On May 30, 2017, Judge William H. Pauley III, in the Southern District of New York, ruled that rapper-singer-songwriter Drake was permitted to use a sample of jazz artist Jimmy Smith based on the fair use doctrine, even though Drake and his record label did not license the publishing rights to the song. The court found that Drake’s use of the track was “transformative” because it changed Smith’s critique that jazz is the only “real” music into a suggestion that Drake’s hip-hop music was also real.

In 2013, Drake released a track titled “Pound Cake/Paris Morton Music 2,” which includes a sample of Jimmy Smith’s spoken-word track “Jimmy Smith Rap.” Smith reminisces about “the old days,” and expresses his joy and gratitude in creating the record. The track also contains a commentary on jazz.

Jazz is the only real music that’s gonna last. All that other bullshit is here today and gone tomorrow. But jazz was, is and always will be.

Drake’s “Pound Cake/Paris Morton Music 2” edits the sample of “Jimmy Smith Rap,” moving and deleting words, but does not add any words. Most significantly, “Pound Cake” restructures Smith’s critique of other genres of music.

Only real music is gonna last, all that other bullshit is here today and gone tomorrow.

“Pound Cake” was contained on Drake’s 2013 album, Nothing Was the Same, which was released by Cash Money Records and Universal Republic Records. Cash Money licensed the master recording of “Jimmy Smith Rap” but did not secure publishing rights.

After a music publisher informed Jimmy Smith’s estate about the potential infringement, the estate sued Cash Money and others for copyright infringement. Both parties filed motions for summary judgment, and the court ruled that the Drake track constituted fair use.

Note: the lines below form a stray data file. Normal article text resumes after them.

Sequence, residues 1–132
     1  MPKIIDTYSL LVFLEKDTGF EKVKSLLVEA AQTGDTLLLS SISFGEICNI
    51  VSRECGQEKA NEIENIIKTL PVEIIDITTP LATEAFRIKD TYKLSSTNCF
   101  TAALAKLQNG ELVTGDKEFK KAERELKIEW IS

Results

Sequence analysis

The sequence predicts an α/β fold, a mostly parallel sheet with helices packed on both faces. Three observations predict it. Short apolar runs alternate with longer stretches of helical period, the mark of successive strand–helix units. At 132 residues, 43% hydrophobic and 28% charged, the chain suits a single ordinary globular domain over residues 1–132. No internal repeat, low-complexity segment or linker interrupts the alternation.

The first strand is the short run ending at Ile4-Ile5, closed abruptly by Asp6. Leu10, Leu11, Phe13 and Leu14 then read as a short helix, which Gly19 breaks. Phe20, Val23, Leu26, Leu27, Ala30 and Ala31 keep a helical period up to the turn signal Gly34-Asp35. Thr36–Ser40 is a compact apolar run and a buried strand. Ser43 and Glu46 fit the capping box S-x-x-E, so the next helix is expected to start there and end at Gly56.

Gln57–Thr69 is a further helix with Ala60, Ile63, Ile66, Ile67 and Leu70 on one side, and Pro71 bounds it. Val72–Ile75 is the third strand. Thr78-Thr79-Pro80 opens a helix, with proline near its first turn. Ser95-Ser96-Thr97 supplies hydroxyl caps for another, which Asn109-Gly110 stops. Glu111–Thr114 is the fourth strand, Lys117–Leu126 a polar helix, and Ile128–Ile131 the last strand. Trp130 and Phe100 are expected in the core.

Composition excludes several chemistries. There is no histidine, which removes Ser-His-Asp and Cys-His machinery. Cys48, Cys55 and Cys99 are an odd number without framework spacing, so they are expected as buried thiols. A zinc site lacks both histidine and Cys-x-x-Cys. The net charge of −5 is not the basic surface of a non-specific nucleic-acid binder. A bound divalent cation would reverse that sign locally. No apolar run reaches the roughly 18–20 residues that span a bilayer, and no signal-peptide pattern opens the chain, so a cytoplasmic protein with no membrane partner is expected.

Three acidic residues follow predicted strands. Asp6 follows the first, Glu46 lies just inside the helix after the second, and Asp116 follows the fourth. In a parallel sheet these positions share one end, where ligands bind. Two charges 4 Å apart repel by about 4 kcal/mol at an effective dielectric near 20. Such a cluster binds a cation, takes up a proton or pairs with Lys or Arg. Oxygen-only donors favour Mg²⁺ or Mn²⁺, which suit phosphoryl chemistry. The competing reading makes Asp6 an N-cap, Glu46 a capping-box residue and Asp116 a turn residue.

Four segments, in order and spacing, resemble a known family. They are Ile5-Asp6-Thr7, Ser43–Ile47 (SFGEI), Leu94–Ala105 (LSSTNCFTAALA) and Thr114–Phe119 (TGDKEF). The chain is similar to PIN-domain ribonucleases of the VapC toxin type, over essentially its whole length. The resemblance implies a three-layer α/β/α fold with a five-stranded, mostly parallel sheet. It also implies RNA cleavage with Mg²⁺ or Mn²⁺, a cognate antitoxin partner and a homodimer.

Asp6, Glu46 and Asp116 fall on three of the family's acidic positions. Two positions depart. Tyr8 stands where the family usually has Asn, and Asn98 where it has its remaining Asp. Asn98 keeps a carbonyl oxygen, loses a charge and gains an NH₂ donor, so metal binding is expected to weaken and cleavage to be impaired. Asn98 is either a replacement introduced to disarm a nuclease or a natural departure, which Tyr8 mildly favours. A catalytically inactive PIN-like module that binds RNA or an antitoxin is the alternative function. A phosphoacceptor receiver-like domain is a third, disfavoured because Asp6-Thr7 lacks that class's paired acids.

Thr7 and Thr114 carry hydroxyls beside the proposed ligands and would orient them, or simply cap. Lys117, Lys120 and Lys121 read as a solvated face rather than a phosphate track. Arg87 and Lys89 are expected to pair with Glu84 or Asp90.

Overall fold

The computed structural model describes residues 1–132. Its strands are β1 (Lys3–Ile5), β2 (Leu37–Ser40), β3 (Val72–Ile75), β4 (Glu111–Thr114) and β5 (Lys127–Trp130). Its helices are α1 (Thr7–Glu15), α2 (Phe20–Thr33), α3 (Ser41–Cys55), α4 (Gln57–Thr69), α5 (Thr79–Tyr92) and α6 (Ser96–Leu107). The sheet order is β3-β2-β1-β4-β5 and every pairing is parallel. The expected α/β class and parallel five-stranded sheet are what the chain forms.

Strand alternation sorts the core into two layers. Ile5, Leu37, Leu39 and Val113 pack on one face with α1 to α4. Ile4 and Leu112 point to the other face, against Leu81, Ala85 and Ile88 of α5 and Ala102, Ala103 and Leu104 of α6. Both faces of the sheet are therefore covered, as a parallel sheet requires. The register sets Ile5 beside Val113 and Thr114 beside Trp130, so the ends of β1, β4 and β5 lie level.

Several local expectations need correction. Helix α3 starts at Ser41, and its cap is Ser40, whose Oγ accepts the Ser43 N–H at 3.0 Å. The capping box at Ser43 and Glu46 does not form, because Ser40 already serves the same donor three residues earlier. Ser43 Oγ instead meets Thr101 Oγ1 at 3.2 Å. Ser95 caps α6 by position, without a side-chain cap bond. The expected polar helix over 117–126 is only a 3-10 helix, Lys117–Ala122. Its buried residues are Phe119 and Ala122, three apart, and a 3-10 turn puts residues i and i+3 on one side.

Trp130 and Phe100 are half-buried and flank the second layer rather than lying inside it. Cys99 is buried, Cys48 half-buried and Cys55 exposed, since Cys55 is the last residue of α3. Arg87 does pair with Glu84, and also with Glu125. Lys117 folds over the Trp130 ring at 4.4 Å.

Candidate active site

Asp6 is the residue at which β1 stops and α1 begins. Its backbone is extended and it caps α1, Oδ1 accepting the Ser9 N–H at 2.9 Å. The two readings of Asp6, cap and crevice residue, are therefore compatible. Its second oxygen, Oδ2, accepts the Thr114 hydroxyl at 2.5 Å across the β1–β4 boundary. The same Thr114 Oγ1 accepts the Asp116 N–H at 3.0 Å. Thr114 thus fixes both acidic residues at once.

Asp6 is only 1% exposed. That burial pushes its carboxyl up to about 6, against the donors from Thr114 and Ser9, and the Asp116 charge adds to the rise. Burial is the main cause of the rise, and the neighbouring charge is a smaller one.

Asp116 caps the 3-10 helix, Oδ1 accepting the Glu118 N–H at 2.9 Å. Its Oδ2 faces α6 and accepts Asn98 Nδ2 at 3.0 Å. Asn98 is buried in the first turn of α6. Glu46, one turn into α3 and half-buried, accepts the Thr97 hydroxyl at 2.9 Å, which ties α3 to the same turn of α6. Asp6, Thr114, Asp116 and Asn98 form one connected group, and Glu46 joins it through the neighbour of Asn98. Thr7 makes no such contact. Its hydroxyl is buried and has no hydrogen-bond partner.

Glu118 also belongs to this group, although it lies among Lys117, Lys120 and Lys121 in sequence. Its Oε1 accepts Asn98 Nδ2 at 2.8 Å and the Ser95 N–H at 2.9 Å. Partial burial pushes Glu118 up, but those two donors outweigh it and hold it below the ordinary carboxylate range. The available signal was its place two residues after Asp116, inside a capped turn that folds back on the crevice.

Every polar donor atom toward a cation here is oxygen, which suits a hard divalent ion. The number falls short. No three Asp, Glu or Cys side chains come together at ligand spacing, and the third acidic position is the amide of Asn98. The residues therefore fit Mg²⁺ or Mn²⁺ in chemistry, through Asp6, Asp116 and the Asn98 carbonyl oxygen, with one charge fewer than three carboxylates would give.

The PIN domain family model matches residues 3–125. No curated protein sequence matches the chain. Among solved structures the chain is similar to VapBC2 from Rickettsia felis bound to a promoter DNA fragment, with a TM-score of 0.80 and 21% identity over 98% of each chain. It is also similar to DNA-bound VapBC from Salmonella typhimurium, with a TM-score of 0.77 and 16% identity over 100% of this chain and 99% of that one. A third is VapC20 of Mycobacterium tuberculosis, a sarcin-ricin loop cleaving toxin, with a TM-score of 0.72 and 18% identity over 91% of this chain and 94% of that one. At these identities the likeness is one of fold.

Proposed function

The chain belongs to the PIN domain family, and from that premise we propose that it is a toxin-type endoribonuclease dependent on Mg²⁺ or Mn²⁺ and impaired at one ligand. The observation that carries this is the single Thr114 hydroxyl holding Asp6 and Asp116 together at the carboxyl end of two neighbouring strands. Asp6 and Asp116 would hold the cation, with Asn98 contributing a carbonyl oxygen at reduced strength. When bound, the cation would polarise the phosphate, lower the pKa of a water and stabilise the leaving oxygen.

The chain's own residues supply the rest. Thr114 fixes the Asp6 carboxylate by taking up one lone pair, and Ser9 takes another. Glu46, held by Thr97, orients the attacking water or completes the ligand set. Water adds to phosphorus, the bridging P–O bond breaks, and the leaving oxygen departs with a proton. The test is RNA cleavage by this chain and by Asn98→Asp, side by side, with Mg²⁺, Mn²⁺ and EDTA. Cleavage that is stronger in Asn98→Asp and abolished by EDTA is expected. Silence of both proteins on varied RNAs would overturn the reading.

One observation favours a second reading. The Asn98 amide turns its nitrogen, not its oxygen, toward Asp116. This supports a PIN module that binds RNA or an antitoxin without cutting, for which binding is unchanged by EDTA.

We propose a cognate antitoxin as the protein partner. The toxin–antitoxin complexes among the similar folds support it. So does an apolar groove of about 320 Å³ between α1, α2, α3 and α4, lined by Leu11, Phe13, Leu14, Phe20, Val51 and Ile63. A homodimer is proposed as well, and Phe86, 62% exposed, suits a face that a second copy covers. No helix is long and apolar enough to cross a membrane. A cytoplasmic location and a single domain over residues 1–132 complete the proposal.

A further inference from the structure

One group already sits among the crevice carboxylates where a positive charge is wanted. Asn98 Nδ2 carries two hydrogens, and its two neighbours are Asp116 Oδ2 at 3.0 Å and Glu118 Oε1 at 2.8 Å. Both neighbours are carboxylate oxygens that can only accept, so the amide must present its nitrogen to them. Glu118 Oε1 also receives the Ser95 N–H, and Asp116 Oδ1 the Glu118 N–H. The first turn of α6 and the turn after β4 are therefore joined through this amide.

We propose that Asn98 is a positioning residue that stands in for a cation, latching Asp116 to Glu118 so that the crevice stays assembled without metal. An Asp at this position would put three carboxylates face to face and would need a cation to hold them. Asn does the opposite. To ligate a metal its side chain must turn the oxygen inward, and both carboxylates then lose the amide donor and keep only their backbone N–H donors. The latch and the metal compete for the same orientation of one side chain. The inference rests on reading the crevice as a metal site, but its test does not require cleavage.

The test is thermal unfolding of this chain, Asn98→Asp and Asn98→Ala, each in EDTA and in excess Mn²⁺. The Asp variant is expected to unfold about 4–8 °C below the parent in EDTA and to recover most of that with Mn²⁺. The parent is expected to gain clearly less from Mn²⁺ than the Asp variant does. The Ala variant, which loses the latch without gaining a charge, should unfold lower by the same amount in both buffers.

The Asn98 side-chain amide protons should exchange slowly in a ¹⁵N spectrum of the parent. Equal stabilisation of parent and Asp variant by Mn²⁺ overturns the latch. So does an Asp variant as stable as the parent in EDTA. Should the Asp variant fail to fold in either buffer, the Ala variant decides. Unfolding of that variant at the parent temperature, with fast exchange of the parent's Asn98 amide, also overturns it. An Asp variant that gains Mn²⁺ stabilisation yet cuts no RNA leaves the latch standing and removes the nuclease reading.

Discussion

Courts consider the following four factors when determining fair use:

(1) The purpose and character of the use, including whether such use is of a commercial nature or is for nonprofit educational purposes.

(2) The nature of the copyrighted work.

(3) The amount and substantiality of the portion used in relation to the copyrighted work as a whole.

(4) The effect of the use upon the potential market for or value of the copyrighted work.[1]

Here, the court found that the first, third and fourth factors suggest that Drake’s song constitutes fair use. Courts generally accord the first factor the most weight. The crux of this factor is whether the new work is merely a copy of the original work or it adds something with a new purpose or character, i.e., whether the new work is transformative. Here, the court found that Drake’s use was transformative. Smith talked about jazz being the only real music and dismissed all other genres. Judge Pauley found that Drake significantly changed this comment to state that any genre of real music, including hip-hop, has staying power. The court explained that because Drake’s purpose in using the track was “sharply different” from Smith’s purpose – that only “real” music would last, not that only “jazz” would last – the work is transformative.

The court also found that the amount of the use was reasonable and Drake’s track does not usurp any market for Smith’s track. The court declined to rule on whether the defendants infringed the copyright. But because the court found that this use would constitute fair use, the court was able to rule in favor of Drake and his record label.

While most music sampling cases tend to involve short musical passages (e.g., VMG Salsoul, LLC v. Ciccone, 824 .3d 871 (9th Cir. 2016)) or a repeated vocal syllable (e.g., TufAmerica, Inc. v. Warner Bros. Music Corp., 67 F. Supp. 3d 590 (S.D.N.Y. 2014)), the sample at issue here is a 35-second sample of nothing but spoken word. As with the musical parody fair use cases (e.g., Campbell v. Acuff-Rose Music, Inc., 510 U.S. 569 (1994); Fisher v. Dees, 794 F.2d 432 (9th Cir. 1986)), the alleged infringement here primarily altered the linguistic meaning of the original work, perhaps making it easier for the court to find a transformative use. It is interesting to speculate whether a 35-second sample of a purely instrumental passage with a note or two taken out or a slightly altered drumbeat would have been treated in the same way by a court.

[1]17 U.S.C. § 107.